Peter is a foot painter. He creates all of his artwork using just his feet, having no arms. Peter’s disability stemmed from the drug thalidomide, which was prescribed for morning sickness until it was discovered that it caused deformities fetuses. After living most of his life without arms, Peter considers his right foot to be like the right hand of most people, using it dexterously to open doors and perform many other everyday tasks.

Willow Bascom

Disability: Lupus

Willow grew up in Saudi Arabia and Panama, where her father was a pilot on sea vessels. Her early introduction to varying cultures made her a huge fan of tribal art. Later in life she was struck with lupus, and started drawing when it went into remission.

Alice Schonfield

Disability: Diminished capacity through multiple strokes

Although Alice Schonfeld is most known for her sculpting work primarily in Italian marble, she is also regarded as an inspirational figure for the disabled community. She has shown a considerable tenacity to work through debilitating illnesses and has done a lot to promote awareness of disable artists. She resides in California.

Keith Salmon

Disability: Visually Impaired

Keith is a blind fine artist and avid mountain climber. He has climbed over a hundred Munros (a type of Scottish mountain), one of which can be seen in the first painting below. In 2009 he won the Jolomo award for Scottish landscape painting.

Lisa Fittipaldi

Disability: Visually Impaired

Lisa not only learned to paint after losing her sight, she wrote a book about it. Her inspiring use of color and her ability to tell which color she is using just by feeling the texture of the paint are just two remarkable facets of her story.

Matt Sesow

Disability: Missing a hand

Just six years after losing his hand as a child in an accident in which a crashed plane severed his arm and took away his dominant hand, Sesow played for the US team in the disabled Olympics in England. While working at IBM as a software engineer, he began painting scenes in oils that were influenced by his traumatic injury.

Michael Monaco

Disability: Quadriplegic

Michael Monaco is a quadriplegic who paints with his mouth. His work has been featured in global exhibitions and he is a member of the Mouth and Foot Painters Association.

Simon Mark Smith

Disability: No lower arms or right foot

Simon has no lower arms or right foot. In addition to his still paintings, he teaches digital photography and writes poetry and prose. He is also a web designer.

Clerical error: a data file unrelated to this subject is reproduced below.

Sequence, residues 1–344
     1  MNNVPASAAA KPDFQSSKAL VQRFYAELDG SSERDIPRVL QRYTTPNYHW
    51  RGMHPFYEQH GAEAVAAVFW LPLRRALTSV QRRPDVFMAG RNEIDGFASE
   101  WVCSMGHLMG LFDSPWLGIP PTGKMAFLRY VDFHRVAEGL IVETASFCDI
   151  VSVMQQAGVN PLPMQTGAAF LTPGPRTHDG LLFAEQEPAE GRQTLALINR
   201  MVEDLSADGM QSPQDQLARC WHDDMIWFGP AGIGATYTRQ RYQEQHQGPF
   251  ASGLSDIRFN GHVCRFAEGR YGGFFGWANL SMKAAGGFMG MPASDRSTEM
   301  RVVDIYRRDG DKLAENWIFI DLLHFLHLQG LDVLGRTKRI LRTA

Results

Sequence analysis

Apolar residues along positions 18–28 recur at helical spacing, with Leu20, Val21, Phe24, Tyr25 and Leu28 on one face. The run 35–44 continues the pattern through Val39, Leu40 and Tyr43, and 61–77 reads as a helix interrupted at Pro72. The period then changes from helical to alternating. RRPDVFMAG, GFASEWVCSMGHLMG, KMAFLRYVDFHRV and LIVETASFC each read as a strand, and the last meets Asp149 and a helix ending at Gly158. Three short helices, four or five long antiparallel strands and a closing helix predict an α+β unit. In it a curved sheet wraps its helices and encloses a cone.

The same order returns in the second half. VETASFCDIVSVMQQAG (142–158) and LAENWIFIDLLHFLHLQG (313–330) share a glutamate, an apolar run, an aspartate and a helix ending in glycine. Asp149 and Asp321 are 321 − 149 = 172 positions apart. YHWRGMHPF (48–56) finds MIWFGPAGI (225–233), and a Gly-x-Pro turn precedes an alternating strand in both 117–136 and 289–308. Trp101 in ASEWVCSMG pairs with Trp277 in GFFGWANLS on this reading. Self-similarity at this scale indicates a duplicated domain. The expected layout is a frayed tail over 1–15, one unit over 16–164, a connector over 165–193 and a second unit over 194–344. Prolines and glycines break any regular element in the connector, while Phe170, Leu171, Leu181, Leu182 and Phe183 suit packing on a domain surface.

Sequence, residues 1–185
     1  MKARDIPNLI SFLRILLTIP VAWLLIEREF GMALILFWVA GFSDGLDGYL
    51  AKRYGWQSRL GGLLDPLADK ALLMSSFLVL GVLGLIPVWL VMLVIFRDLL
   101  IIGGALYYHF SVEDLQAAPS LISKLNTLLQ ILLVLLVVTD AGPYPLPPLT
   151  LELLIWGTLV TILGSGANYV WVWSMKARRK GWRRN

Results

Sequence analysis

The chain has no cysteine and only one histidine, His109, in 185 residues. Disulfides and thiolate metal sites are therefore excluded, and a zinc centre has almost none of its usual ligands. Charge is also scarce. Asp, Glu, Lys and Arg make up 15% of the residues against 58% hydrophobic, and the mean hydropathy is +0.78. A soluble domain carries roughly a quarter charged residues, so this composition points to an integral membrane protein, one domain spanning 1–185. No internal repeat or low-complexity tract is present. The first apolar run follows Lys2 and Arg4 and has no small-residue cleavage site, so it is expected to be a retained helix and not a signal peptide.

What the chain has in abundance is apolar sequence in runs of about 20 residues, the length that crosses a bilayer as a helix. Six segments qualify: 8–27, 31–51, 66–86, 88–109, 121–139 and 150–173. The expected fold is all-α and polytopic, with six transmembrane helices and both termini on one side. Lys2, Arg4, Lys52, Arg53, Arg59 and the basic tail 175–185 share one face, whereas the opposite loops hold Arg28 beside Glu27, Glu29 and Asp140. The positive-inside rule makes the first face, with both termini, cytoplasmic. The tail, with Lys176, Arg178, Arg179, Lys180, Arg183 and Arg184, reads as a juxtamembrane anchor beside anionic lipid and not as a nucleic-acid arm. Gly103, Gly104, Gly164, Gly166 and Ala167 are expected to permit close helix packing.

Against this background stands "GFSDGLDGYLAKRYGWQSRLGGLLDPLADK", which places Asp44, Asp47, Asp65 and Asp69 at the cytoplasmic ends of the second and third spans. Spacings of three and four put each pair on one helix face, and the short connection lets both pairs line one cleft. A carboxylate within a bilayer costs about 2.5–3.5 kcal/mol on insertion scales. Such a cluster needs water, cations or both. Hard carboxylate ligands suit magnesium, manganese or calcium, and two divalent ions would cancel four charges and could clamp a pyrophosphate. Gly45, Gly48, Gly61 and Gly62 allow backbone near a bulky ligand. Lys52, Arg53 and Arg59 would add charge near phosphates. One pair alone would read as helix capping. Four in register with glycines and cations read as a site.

Dennis Francesconi

Disability: Paralysis

Francesconi is a mouth painter that excels at adding a high level of detail in his works, especially considering his method of painting them. He has participated in over 75 exhibitions around the world.

A. Erich Stegmann

Disability: Loss of arm use through polio

The first President of the Association of Mouth and Foot Painting Artists of the World, Stegmann lost the use of both arms and hands from polio at the age of two. A prominent mouth painter, he formed the association around 1953 and was voted president for life. The association continues to be home to hundreds of Mouth and Foot painters globally.

Richard Wawro

Richard Wawro was a prominent and prolific autistic savant artist from the United Kingdom. He began drawing at the age of three, and immediately covered the chalkboard with a number of detailed images.

Jessy Park

Disability: Autism

Jessica Park is an autistic artist from Massachusetts. She starts with a sketch of the scene and may refer back to a photograph for more detail later. Her mother wrote a memoir about Jessy’s story.

Ping Lian Yeak

Disability: Autistic Savant

Ping Lian is an autistic savant who has been producing amazing art since his childhood. He is now fifteen. More of his amazing art may be viewed at his website.

Christophe Pillault

Disability: Autistic Savant

This French autistic savant artist was born in Iran. He is unable to speak, walk or feed himself, but he produces paintings of flowing, beautiful figures. His art has been exhibited globally.

George Widener

Disability: Autistic Savant

Widener is a famous autistic savant artist whose works are exhibited in museums and galleries nationwide. He not only creates intricate works of art; he is also able to make complex calculations in an instant.

Gilles Trehin

Disability: Autistic Savant

The city of Urville exists solely in the mind of this French autistic savant artist. His elaborate sketches of the city are executed in intricate detail. He has published a book with over 300 detailed sketches of his fabled city.

Amanda LaMunyon

Disability: Asperger’s Syndrome

LaMunyon is a talented child artist that began painting when she was only seven. She is now twelve. In kindergarten, instead of cutting out letters to illustrate her alphabet, she drew her own.


Compiled exclusively for WDD by Angela West.

Do you have a favorite artist who is living with a disability? Please include a link to their works in our comment section.